New developments in selective cholesteryl ester uptake


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Abstract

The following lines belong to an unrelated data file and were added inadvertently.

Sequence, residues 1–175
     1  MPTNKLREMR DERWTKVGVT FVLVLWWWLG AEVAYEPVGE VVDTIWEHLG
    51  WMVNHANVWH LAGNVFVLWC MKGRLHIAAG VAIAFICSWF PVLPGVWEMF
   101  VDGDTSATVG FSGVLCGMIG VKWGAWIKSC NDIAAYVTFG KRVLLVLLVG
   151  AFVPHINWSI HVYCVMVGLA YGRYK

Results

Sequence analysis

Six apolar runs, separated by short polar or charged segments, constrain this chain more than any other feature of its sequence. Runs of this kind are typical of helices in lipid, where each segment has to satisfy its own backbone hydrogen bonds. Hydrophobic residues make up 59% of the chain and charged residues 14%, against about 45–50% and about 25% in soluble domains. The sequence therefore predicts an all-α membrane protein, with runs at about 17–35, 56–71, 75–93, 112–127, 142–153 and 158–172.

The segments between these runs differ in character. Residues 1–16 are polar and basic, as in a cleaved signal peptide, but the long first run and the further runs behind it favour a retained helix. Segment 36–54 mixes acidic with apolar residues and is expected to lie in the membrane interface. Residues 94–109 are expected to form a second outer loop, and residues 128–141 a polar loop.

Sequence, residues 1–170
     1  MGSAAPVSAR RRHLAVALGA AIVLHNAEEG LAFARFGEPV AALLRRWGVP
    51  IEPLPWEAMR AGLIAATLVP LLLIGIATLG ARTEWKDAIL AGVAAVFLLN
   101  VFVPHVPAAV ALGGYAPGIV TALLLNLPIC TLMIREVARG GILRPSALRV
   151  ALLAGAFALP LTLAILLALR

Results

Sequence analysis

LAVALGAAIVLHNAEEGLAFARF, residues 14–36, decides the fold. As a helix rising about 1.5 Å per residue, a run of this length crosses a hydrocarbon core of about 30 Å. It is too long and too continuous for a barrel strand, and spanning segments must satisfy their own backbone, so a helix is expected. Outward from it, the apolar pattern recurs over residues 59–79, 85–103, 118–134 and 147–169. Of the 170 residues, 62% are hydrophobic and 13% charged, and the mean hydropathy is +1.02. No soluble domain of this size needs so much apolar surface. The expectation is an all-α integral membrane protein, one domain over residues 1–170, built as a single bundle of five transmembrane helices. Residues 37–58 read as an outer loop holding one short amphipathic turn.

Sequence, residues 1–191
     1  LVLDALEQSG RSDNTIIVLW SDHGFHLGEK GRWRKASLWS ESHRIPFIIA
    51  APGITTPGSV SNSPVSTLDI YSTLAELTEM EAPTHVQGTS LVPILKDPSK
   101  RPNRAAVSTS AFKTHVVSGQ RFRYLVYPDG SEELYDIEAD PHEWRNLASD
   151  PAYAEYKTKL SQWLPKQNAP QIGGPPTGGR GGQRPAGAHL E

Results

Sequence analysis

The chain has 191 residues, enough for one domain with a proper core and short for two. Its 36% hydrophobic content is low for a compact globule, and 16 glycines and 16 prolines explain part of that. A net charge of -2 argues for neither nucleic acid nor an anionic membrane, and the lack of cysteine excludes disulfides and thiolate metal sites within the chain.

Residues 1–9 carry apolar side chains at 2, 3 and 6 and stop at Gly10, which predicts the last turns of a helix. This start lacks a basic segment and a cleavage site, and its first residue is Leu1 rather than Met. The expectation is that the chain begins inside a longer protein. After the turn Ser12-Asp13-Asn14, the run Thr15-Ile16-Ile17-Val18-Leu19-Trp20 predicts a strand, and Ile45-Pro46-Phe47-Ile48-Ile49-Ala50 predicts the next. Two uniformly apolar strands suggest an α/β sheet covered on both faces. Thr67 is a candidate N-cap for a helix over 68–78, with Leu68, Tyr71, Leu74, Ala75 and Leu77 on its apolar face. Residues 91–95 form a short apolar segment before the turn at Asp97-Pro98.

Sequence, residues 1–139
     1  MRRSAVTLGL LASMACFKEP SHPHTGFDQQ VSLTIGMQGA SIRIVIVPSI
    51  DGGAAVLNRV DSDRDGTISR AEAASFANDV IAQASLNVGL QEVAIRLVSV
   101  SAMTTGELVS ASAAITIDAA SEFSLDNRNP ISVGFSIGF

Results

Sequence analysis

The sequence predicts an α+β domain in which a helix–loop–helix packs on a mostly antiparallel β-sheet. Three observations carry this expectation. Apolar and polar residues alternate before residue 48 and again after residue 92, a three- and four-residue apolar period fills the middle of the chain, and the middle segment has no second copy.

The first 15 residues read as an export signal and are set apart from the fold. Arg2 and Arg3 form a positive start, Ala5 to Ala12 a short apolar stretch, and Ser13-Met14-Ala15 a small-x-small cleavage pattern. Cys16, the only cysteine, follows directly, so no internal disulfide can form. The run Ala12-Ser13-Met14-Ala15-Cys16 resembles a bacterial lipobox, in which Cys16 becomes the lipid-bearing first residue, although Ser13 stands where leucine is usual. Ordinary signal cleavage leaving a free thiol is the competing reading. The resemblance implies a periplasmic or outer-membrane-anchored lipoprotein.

Purpose of reviewSelective lipid uptake (SLU) is known to be a major pathway of lipoprotein cholesterol metabolism in experimental animals and humans, but remains poorly understood. This review provides a brief overview of SLU mediated by the HDL receptor scavenger receptor B-type I (SR-BI), and highlights several surprising new findings related to the impact of SLU pathways in cholesterol homeostasis.Recent findingsUnder certain conditions, SR-BI-mediated SLU contributes to reverse cholesterol transport (RCT) independently of ABCG5/G8-mediated biliary cholesterol secretion, implying a novel trafficking mechanism. Hepatic SR-BI expression and RCT are decreased in diabetic mice. Farnesoid X receptor (FXR) and the microRNAs miR-185, miR-96 and miR-223 are emerging therapeutic targets for increasing SR-BI expression. SR-BI-independent selective cholesteryl ester uptake is a newly characterized pathway in macrophage foam cells.SummaryNew findings underscore the importance of SR-BI-mediated SLU in hepatic SLU and RCT, while indicating that further investigation is needed to define SLU pathways, including SR-BI-independent macrophage selective cholesteryl ester uptake. The intracellular trafficking of cholesterol in these pathways appears to be critical to their normal function and is a major subject of ongoing studies.

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